by Sarah Bigham
Among the boxwood
Dichotomies abound in a
Reverent greenscape hugged
By an interstate’s beating pulse
Traveling past the lost
Yarmulked and bare-headed
Stubbled and smooth
Dark clothes of mourning
Amongst shades of light blue
Tears from the Kaddish absorb the
Laughter of small children
Playing amongst granite slabs
Beyond the hedge
Sunbeams through crimson
Leaves helicoptering down to
Stone benches in shade for those
Farther from the womb
Honored earth, more piled to
Allow all the love to flow
Through the rending and recitations
On a beautiful day of grief
May the small stones of
In the garden of Solomon
Be a blessing tonight
What they said
There would be 4-6 punctures.
I wear 23 scars on my hips.
Your family will join you after surgery, and you will sit on sandbags while reading or watching videos before being released.
There were no sandbags. My family was nowhere in sight, waiting elsewhere in the cavernous hospital for word that came only after my sobs summoned someone in scrubs. I thought I would die on my way to the restroom. Thank god for the orderly’s arm. Perhaps one life had to be sacrificed for another.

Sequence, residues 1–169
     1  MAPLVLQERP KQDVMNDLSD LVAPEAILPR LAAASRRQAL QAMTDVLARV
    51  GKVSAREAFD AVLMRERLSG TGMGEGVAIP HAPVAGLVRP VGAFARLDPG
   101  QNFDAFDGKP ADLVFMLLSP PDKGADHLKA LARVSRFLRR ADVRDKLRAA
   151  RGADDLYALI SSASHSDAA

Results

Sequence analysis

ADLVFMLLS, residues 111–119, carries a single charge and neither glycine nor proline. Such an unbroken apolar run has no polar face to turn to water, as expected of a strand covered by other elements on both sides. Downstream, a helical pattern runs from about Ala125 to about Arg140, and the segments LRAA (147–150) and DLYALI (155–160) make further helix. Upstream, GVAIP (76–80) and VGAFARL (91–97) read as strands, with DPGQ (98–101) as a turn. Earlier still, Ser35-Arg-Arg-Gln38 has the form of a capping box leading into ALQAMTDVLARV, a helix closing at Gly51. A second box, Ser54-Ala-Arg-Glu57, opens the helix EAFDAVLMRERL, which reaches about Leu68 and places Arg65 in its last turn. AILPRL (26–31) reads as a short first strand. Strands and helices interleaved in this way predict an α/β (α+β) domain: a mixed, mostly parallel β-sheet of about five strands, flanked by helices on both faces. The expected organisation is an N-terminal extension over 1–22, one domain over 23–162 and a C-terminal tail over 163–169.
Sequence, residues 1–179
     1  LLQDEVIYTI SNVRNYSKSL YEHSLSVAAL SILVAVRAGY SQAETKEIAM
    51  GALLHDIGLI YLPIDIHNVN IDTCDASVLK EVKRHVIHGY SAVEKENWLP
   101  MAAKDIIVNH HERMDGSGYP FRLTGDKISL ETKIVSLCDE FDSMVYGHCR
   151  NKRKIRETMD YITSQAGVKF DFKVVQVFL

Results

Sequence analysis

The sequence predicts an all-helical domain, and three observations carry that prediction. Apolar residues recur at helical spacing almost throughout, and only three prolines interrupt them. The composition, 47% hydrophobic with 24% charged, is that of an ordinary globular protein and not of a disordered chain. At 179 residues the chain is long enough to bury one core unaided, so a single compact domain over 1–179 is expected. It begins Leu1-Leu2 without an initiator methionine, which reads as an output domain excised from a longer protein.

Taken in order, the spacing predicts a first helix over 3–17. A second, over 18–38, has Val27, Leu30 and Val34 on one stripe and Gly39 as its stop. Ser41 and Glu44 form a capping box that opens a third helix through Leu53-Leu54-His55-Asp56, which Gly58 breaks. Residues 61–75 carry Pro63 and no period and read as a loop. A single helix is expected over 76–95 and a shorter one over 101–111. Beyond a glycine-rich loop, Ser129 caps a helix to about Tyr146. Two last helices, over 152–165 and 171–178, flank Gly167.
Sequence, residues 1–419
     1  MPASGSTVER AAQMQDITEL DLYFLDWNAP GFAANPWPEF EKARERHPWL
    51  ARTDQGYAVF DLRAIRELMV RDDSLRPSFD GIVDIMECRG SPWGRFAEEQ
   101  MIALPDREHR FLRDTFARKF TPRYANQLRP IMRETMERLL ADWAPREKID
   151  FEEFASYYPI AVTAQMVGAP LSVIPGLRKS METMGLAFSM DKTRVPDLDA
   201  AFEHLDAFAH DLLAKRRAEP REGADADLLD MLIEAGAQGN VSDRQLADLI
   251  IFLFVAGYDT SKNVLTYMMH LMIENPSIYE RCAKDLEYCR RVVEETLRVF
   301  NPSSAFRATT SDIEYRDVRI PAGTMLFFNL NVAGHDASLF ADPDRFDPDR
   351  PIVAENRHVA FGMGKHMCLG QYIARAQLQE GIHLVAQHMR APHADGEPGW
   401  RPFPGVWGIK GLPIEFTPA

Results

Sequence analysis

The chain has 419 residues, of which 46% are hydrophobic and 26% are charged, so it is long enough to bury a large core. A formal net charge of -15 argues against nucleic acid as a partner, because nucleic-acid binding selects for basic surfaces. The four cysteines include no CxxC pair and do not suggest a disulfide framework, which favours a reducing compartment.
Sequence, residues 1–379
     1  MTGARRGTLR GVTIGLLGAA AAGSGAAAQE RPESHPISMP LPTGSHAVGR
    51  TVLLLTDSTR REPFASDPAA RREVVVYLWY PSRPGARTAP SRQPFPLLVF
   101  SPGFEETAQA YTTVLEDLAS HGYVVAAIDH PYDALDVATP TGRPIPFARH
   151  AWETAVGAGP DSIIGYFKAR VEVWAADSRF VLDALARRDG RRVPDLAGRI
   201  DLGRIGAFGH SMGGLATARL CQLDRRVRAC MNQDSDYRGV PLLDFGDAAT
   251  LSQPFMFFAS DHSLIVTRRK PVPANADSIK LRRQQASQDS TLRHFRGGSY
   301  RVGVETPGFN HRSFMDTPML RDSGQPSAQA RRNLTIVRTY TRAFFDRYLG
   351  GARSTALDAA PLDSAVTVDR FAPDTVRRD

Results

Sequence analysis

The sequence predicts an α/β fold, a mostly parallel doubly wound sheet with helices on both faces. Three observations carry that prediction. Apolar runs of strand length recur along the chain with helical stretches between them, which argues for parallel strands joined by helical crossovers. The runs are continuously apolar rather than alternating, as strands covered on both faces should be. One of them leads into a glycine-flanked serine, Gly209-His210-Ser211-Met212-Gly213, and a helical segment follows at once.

Removing the enormous bandage would be the most painful part.
It was the easiest. And caused no pain. I followed their instructions to soak it in the shower before pulling it off. The movement, not the ripping, added tears to the water streaming down my thighs.
There might be some discomfort.
Over a decade later I still go to PT. And massage. And acupuncture. And more. On my dime.
Some donors notice bruising for several days.
My backside was covered in seeping, expanding purple, yellow, and green. For weeks on end.
Take it easy and get some sleep afterwards.
Rolling over in bed caused excruciating, nauseating pain.
Plan to take a few days off of work.
I was out much longer. And threw up in the hallway bathroom on my first day back. Walking down the stairs caused jolting pain and fatigue that forced me to sit down awkwardly on one of the treads, as a senior colleague told me sanctimoniously that regardless of whatever seemed to be happening with me, he hoped to receive a call from the registry.
You will be able to resume your normal activities within a week.
I have never run again.